Learn how to pass store down as a prop to container components instead of declaring a top-level variable to prepare for easier testing and server rendered applications.
[00:00] In the previous lessons, we used this tool to up level variable to refer to the Redux chore. The components that access this chore, such as the container components, read this straight from it, subscribe to this chore, and dispatch actions on this chore using this chore top-level variable.
[00:20] This approach works fine for JS bin example where everything is in a single file. However, it doesn't scale to real applications for several reasons.
[00:30] First of all, it makes your container components harder to test because they reference a specific chore, but you might want to supply a different marks chore in the test. Secondly, it makes it very hard to implement universal replications that are rendered on the server, because on the server, you want to supply a different chore instance for every request because different requests have different data.
[00:57] I'm going to start by moving this chore creation code to the bottom of the file where I render my React components. I'm going to change it slightly. Instead of creating this chore top-level variable, I will pass this chore I create as a prop to the top-level component, so it is completely injectable into it.
[01:21] Every container component needs a reference to this chore so unfortunately, we have to pass it down to every component as a prop. It's less effort than passing different data through every component, but it's still inconvenient. So, don't worry, we'll find a better solution later, but for now, we need to see the problem.
[01:41] The problem is that the container components need to have this chore instance to get this straight from a dispatch actions and subscribe to the changes. This time, I'm changing the container component to take this chore from the props using the ES6 destruction syntax, which just means "chore equals props does chore."
[02:02] I'm doing the same here. I'm just taking this chore from the props so I can call dispatch on it.
[02:09] I need to make similar changes to other container components. In this case, I have this at to-do component, which is not exactly a container component, but it still needs its chore to dispatch the at to-do action, so I added it as a prop. I'm also going to add this chore to the photo component because, unfortunately, filter link needs it.
[02:32] The photo component renders filter link. This is not convenient, but as I said, we'll figure out a way to avoid this later. For now, we need to pass this chore down so that every container component, such as filter link, can use it to subscribe to the changes, to read this state and to dispatch actions without relying on a top-level variable being available.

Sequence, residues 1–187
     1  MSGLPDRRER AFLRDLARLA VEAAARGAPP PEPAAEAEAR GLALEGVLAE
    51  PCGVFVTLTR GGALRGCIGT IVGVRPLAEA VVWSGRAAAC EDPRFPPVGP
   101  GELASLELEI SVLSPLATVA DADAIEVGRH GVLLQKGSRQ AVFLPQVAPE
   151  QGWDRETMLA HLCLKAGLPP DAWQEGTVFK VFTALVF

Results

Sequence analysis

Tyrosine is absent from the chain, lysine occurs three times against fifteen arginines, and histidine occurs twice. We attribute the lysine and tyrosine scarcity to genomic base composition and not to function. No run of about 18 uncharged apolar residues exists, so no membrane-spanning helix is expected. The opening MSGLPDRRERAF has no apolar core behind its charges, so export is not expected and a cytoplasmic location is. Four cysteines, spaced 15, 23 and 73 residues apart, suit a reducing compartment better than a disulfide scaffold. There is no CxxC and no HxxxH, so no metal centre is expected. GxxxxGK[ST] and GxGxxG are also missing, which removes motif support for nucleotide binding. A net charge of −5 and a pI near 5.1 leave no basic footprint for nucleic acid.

[02:57] I'm changing the render method to read this chore from the props. Now, all containers read this chore instance from the props, and don't rely on a top-level variable that I removed.
[03:09] Note that this change did not change the behavior or the data flow of this application. The container components subscribe to this chore, just like before, and update their state in response to its changes.
[03:24] However, what changed is how they access this chore. Previously, they would access a top-level variable, but this approach does not scale to real-world applications. This is why, right now, I'm passing down this chore as a prop, so the container components can subscribe to it.
[03:44] In the future lessons, we will see how to pass this chore down to the container components implicitly but without introducing the top-level variable.
Is it a concern that some components are subscribing to the whole store without using all of the elements in the store? For instance, the Footer is going to ForceUpdate every time a new todo item is added correct? Is this OK because React won't actually trigger an update of the child component because it's props didn't change? Can this cause performance issues if lots of items are being displayed like you mention in your SO answer here?
Yes, this would be a performance concern. You can hand write optimizations in the container components, or you can use
connect() from next lessons that does that for you.
Thanks for replying. So connect automatically determines which part of the state tree to pass down? Or more specifically, the part of the state that gets applied to the props in connect is the only part that is subscribed to?
The components generated by
connect() behave very similarly to those I wrote by hand, but they use
setState() instead of
forceUpdate() and implement a performant
shouldComponentUpdate() optimization which skips rendering if the part of the state selected by
mapStateToProps() has not changed.
Thanks! Thanks for the great tutorial.